Learn Your Risk for Type 2 Diabetes on American Diabetes Association’s 29th Annual Alert Day
March 28, 2017
Knowing your risk for type 2 diabetes can be the life-changing wakeup call needed for millions of Americans
More than 29 million Americans have diabetes; of those, nearly 8 million don’t know they have the disease. Today marks the American Diabetes Association’s (Association) 29th annual Alert Day, an opportunity to sound the alarm about the prevalence and risks of type 2 diabetes by asking Americans to take the Association’s Type 2 Diabetes Risk Test. The free, anonymous risk test only takes a minute to complete and is available online at diabetes.org/risktest. By answering questions such as “Do you have a family history of diabetes?” and “Are you physically active?” participants can learn if they’re at risk for having type 2 diabetes in 60 seconds.
People with diabetes are at significant risk for serious complications, including kidney failure, heart disease, stroke, blindness and lower-limb amputations. An estimated one in three American adults has prediabetes—a condition in which blood glucose (sugar) levels are higher than normal, but not high enough for a type 2 diabetes diagnosis. With lifestyle changes, people with prediabetes can prevent or delay the onset of type 2 diabetes. Unfortunately, 90 percent of people with prediabetes don’t know they have it.
“An awareness that one is at risk for type 2 diabetes is the key to prevention! You can lower your risk for type 2 diabetes with healthy food choices, weight loss, exercise and medication, however, knowing your risk is the first step,” said the Association’s Chief Scientific, Medical and Mission Officer William T. Cefalu, MD. “Today, we’re asking Americans to take 60 seconds from their day to find out if they’re at risk for having type 2 diabetes, and we hope participants will share the test with friends and family.”
The risk test is the Association’s evidence-based, online tool that scores participants based on their unique responses, and at the conclusion of the test displays a numerical score indicating the participants’ risk for having type 2 diabetes. Individuals who receive a high score are encouraged to speak with a health care professional right away, and are given tips and information about next steps.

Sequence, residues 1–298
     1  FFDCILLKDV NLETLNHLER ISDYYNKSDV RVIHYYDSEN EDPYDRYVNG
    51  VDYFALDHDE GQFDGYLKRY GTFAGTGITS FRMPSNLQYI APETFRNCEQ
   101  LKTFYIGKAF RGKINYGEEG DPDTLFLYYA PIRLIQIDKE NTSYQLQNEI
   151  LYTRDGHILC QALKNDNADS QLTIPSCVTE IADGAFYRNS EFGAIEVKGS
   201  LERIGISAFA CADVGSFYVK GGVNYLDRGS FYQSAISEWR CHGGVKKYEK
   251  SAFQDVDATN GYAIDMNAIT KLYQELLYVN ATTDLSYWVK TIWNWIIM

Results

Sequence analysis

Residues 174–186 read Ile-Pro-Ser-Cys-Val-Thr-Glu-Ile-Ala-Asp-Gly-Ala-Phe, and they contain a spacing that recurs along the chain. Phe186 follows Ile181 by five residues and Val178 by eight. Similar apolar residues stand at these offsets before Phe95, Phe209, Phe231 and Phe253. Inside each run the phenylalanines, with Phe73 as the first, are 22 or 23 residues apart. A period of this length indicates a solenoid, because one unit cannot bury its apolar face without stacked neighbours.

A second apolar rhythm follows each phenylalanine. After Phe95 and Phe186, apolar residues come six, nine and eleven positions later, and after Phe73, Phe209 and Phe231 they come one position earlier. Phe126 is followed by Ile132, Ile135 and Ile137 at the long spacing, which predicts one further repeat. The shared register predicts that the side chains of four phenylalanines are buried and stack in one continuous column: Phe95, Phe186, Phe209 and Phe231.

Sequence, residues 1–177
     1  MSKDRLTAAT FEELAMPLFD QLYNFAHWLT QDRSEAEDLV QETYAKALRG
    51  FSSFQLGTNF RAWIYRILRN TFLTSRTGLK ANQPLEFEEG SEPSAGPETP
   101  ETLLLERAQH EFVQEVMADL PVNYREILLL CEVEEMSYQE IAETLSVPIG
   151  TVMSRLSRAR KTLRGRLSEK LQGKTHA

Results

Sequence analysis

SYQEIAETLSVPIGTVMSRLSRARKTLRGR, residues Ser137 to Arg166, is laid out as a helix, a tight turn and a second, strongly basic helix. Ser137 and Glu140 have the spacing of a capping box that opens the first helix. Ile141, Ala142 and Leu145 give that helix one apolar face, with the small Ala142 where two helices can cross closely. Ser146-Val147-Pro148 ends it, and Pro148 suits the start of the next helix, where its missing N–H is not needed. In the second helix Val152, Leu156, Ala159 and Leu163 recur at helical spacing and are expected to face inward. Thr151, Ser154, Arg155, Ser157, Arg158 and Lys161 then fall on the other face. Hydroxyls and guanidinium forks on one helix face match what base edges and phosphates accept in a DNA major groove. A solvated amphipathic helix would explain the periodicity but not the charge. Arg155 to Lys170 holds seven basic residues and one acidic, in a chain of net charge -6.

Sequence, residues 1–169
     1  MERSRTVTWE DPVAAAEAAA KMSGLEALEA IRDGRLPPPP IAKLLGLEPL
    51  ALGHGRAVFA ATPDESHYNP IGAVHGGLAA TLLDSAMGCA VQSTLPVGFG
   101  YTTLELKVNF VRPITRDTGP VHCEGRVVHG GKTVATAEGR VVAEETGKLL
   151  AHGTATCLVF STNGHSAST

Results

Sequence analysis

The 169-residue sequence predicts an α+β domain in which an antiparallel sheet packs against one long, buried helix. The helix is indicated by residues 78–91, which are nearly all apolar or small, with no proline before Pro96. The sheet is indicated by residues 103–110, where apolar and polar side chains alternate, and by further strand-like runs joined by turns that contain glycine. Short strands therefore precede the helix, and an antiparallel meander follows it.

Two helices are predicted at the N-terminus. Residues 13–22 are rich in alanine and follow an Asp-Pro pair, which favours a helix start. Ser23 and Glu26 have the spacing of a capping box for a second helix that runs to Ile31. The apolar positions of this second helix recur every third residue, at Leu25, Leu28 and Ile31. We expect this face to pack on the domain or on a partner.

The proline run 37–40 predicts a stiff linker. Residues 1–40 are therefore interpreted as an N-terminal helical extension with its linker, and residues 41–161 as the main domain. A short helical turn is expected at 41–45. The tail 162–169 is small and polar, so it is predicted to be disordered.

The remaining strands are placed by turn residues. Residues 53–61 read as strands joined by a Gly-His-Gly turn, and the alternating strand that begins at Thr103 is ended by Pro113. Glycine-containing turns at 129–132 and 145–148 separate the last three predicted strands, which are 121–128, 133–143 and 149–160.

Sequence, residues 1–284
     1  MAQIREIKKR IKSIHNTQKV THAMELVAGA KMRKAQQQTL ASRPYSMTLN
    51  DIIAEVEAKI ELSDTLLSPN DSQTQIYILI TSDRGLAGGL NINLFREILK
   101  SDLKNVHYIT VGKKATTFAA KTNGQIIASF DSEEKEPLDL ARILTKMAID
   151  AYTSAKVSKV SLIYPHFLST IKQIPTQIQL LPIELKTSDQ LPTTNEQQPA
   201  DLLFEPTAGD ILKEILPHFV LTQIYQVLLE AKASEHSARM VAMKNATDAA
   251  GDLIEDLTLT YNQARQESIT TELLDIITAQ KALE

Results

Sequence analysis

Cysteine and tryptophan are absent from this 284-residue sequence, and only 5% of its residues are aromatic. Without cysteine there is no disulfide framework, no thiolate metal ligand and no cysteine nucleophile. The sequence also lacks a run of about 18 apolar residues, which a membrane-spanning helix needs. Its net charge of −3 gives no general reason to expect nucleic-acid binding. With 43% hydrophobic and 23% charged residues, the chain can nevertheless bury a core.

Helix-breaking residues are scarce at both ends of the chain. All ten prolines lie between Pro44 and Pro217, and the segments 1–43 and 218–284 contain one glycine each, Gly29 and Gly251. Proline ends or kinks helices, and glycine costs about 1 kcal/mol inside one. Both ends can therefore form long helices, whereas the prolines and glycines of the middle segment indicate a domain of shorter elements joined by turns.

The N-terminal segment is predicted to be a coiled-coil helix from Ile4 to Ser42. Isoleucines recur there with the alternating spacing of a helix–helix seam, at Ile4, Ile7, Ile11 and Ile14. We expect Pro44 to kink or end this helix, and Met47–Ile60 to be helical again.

To help increase awareness of the prevalence and risks for type 2 diabetes, the Association has collaborated with two strategic partners this year. Quest Diagnostics Health & Wellness, the 2017 national Alert Day sponsor, provides employer-based biometric screenings—including blood glucose tests—nationwide. Committed to helping prevent and delay type 2 diabetes, Quest will share the risk test with its 43,000 employees and employer clients and will donate $1 up to $200,000 to the Association for each biometric wellness screening completed between March 28 and April 27, 2017.
The Association is also partnering with Prince Hall Shriners, a national fraternal organization dedicated to educating the African American community about type 2 diabetes. African Americans are nearly twice as likely to develop diabetes as white adults, and nearly 30 percent of diabetes in African Americans is undiagnosed. Prince Hall Shriners will be distributing risk test posters to barber shops and beauty salons in states with existing Prince Hall Shriners chapters.
Anyone can participate in Alert Day by taking the free Type 2 Diabetes Risk Test (in English or Spanish) at diabetes.org/risktest.
About the American Diabetes Association
Nearly half of American adults have diabetes or prediabetes; more than 30 million adults and children have diabetes; and every 21 seconds, another individual is diagnosed with diabetes in the U.S. Founded in 1940, the American Diabetes Association (ADA) is the nation’s leading voluntary health organization whose mission is to prevent and cure diabetes, and to improve the lives of all people affected by diabetes. The ADA drives discovery by funding research to treat, manage and prevent all types of diabetes, as well as to search for cures; raises voice to the urgency of the diabetes epidemic; and works to safeguard policies and programs that protect people with diabetes. In addition, the ADA supports people living with diabetes, those at risk of developing diabetes, and the health care professionals who serve them through information and programs that can improve health outcomes and quality of life. For more information, please call the ADA at 1-800-DIABETES (1-800-342-2383) or visit diabetes.org. Information from both of these sources is available in English and Spanish. Find us on Facebook (American Diabetes Association), Twitter (@AmDiabetesAssn) and Instagram (@AmDiabetesAssn)